For three decades of my adult life, beginning in my early twenties, I kept far away from Jewish life. I’ve since spent decades unraveling the many reason for my departure from the tradition in which I was assiduously raised. Let’s start with a simple overview: I was a temperamental mismatch with traditional Judaism’s…
… obsession with detail
… delimitation of curiosity
…. disregard for the aesthetic
… suspicion of feminine sensuality
… pious self righteousness
…. communal insularity.
And as I say, those are just a few broad themes for kicking off a much longer conversation.
My father was a fierce crusader for Orthodox Judaism as a way of life mandated by God. He was not going to let me off easy. What to do? I marry an older man, a French Jew who carried a Christian identity for the first seven years of his life so that he might survive Nazi genocide. In him I find a certain ebullience and savoir faire; What’s more we love one another deeply for being exactly who we are. It is a good solution all around: The snooty 16th arrondissement of Paris provides a safe haven from the do-or-die religious crusaders back home. Much as their hearts are shattered by my defection, my parents will not disown me for this choice, nor would they sit shiva, mourning a lost child as they surely would had I ventured to marry out of the faith.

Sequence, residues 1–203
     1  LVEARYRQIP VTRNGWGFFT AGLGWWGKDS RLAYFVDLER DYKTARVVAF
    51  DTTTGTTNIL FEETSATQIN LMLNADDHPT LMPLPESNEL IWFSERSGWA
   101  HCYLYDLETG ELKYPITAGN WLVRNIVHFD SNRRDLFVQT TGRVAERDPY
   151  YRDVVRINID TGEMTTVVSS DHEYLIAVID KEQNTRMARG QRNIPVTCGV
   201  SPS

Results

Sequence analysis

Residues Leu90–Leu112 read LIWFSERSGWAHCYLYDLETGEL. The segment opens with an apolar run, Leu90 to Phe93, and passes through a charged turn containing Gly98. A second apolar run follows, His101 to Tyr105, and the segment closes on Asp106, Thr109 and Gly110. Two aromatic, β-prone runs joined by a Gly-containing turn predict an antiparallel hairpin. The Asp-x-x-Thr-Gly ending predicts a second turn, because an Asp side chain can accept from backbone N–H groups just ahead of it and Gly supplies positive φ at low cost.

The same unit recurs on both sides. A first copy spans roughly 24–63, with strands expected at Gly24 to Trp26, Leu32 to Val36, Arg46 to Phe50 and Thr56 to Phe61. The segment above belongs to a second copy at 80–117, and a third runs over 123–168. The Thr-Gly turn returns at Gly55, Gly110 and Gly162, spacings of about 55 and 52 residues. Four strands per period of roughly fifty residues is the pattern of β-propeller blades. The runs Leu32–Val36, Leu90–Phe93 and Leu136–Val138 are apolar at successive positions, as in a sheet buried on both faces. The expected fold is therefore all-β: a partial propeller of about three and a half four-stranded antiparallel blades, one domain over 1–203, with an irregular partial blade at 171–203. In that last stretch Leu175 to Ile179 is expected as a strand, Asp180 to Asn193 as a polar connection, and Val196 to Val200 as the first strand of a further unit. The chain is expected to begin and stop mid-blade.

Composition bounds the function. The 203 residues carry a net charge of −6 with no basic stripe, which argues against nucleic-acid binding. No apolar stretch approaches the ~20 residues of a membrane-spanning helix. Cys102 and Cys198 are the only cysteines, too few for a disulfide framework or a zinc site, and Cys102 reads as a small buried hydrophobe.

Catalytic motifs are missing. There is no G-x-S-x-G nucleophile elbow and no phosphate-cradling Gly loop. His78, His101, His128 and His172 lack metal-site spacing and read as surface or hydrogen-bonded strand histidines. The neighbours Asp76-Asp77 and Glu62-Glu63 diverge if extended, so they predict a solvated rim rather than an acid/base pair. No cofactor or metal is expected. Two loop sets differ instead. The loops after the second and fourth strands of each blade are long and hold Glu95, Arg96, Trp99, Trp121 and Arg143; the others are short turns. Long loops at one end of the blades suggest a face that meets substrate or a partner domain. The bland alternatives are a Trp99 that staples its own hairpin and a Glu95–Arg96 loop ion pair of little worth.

There is a price to pay for rupture – a lingering longing for roots, the nagging need for meaning, a teetering on the edge of a spiritual void. In lonely moments I would remind myself of the justification for self-imposed loss – after all, what woman of apt and curious mind would accept a life of male-imposed strictures and constraints? I had not turned my back on a world that welcomed me. Rather, as a thinking women programmed for self-determination, I was a black sheep, a self-selected outcast of the herd.